But slowly my anxiety began to fade and I started to tip-toe into the water, beginning with saying a prayer at a church board meeting (being a member of a church board is a story in itself) that began with “God please forgive me if I mess this up.”

As time went by I prayed out loud in front of others more and more often, sometimes without the benefit of advance warning and at home preparation. I found the exercise easier and easier, and increasingly satisfying.

So it is against that background that I tell you as soon as I finish this post I’m turning to a little homework. I’ve been asked to lead a devotional for a group of thirty people this evening. To my surprise, I’m looking forward to it.

I plan to read two passages, Isaiah 55:9 and John 8:31, and use them to weave a parable about pursuing God’s will even if we may not know what it is or recognize it when it materializes, and to do this because He has promised that if we abide in His word we will come to know the Truth. I want to know the Truth; I don’t know about you, but I’m convinced that His Truth is far superior to mine.

So if you happen to be reading this today, please say a little prayer for me and ask God to guide me as I deliver the devotional. Thanks a bunch, and bless you!

Well, I guess that’s enough for today. Thanks so much for visiting my blog, and please pray for me and my family. Now go out and hug somebody!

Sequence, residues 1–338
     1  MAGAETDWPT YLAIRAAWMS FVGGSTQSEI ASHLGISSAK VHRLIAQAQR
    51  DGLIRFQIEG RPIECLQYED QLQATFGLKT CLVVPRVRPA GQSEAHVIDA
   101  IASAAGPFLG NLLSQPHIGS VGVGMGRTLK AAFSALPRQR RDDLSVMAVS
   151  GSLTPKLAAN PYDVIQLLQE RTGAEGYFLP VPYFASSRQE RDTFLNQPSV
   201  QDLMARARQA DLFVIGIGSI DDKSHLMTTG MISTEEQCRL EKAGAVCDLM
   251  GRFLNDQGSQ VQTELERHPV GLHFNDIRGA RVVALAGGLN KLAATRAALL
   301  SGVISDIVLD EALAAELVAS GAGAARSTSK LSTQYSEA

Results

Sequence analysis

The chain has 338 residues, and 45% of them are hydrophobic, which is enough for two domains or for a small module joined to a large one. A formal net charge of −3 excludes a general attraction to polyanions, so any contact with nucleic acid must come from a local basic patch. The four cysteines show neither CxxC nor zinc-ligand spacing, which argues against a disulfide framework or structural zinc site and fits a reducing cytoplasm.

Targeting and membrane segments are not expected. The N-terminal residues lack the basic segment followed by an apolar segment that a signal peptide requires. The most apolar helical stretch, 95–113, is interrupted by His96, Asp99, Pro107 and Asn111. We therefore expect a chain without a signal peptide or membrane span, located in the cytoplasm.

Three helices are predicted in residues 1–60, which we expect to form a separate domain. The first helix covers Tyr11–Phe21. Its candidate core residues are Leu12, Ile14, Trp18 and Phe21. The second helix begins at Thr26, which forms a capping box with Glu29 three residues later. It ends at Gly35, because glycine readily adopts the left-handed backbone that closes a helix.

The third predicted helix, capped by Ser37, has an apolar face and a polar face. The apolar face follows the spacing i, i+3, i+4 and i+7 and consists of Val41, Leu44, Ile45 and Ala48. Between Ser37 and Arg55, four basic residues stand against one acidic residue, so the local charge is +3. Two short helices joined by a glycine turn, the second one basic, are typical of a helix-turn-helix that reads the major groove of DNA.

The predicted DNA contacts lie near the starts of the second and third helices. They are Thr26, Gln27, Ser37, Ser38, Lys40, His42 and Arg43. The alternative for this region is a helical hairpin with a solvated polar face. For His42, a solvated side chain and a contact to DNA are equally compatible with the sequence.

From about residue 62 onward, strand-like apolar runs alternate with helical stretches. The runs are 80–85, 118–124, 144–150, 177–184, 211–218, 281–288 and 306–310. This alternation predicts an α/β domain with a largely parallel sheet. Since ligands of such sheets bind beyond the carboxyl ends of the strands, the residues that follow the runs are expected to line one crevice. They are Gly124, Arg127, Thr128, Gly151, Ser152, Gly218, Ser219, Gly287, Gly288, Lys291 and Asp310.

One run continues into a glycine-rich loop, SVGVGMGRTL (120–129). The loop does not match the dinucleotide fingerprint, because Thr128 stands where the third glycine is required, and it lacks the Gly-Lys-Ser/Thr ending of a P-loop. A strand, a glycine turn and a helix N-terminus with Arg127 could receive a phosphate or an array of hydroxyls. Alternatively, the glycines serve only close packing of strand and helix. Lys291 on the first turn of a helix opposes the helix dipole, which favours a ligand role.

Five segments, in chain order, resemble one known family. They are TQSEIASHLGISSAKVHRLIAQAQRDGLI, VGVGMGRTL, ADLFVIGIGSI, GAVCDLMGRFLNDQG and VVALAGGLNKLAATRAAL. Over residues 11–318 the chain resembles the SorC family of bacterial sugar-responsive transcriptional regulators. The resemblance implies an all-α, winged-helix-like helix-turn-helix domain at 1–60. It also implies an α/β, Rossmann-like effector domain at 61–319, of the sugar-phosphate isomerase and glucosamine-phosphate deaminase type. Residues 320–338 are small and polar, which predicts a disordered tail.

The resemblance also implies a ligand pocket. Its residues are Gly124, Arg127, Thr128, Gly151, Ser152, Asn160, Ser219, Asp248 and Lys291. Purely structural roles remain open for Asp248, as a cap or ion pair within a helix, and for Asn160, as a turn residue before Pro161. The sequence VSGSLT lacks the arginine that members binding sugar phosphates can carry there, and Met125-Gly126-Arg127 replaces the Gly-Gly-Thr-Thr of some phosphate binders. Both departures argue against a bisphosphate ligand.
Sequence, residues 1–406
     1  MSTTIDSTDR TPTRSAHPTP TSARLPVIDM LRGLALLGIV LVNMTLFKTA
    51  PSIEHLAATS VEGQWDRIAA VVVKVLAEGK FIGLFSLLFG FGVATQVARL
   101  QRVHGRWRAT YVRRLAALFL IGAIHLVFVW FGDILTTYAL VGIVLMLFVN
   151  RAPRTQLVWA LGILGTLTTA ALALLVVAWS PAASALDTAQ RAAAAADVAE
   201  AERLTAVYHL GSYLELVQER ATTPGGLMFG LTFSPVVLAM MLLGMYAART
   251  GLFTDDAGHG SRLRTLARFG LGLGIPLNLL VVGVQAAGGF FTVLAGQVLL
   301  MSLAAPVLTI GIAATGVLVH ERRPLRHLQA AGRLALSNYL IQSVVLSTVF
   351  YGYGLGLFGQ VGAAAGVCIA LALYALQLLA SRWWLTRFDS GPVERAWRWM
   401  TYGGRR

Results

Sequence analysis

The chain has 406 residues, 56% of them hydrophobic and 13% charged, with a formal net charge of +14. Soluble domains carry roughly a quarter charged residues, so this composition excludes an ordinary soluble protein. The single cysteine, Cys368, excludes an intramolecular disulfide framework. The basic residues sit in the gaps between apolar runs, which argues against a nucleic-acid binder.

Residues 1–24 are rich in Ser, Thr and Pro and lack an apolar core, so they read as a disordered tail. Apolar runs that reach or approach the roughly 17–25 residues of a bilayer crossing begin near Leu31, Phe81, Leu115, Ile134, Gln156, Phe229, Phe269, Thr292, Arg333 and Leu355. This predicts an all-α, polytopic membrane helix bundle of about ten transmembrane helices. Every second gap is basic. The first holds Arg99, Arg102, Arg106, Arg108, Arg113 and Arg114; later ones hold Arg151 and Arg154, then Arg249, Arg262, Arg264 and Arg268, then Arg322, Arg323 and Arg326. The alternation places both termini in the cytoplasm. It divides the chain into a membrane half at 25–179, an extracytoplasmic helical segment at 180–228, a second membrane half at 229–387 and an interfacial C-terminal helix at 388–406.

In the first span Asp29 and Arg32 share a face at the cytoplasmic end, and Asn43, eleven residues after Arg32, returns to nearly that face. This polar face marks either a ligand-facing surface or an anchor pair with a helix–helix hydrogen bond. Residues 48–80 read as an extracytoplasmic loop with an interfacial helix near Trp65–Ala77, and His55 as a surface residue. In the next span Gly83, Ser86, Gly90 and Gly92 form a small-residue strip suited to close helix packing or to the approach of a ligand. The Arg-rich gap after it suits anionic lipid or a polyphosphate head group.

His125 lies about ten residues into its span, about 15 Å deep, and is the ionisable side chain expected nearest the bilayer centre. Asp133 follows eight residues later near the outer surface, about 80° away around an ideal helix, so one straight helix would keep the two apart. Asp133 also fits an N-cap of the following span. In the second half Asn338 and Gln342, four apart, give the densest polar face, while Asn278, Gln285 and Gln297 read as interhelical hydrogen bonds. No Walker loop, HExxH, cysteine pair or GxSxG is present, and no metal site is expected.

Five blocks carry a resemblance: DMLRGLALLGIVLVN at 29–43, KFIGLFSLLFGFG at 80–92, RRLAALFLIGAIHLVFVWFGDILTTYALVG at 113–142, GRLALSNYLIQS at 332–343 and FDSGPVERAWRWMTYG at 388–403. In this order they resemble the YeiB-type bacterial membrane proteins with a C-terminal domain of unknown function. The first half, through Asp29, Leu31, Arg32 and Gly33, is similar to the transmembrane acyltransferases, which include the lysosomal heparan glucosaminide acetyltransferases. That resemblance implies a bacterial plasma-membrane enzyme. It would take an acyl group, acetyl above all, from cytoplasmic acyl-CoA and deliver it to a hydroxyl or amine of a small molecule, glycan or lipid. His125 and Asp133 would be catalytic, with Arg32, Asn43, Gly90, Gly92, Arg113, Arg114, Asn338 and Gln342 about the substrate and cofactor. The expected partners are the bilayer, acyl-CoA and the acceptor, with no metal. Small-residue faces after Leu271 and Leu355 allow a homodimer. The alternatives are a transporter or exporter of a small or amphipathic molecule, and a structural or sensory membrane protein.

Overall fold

Monday, October 12, 2009

News flashes

This is an account of my efforts to put into action what I learn while reading the Bible, an account of my journey to become closer to God.

Good golly, where does the time go? I’ve been so busy with freelance assignments (Thank you God for your provision) and ministry activities I haven’t had time to write for this blog, let alone for my own writing projects. For the moment, then, little snippets are going to have to do as far as updates go:

My first distinctively Christian book was rejected by the publisher I sent it to; they said it was too much like another title they are releasing this fall. That’s actually good news – it means my idea has merit but I was simply too late getting it to this particular publisher for it to be considered. I’m encouraged and will move on to another publisher. Where once I prayed for a book to be published, now I just confess that I’d like it to be so but then submit to God’s will on that matter. Either way, I’ve gotten something out of the writing exercise.

Last weekend Cameron and I worked in the Compassion in Action (CIA) events for seven hours. I enjoyed meeting all the people who until then I had only spoken with on the phone. It was nice to meet the good folks, as well as it felt good doing the good work. What Cameron enjoyed most was operating the freight elevator at the co-op. He’s such a boy. Today for lunch (it’s a school holiday) he ate a basket of cheese fries, garlic toast and chicken wings. I had a salad (not so sure he’s getting the picture).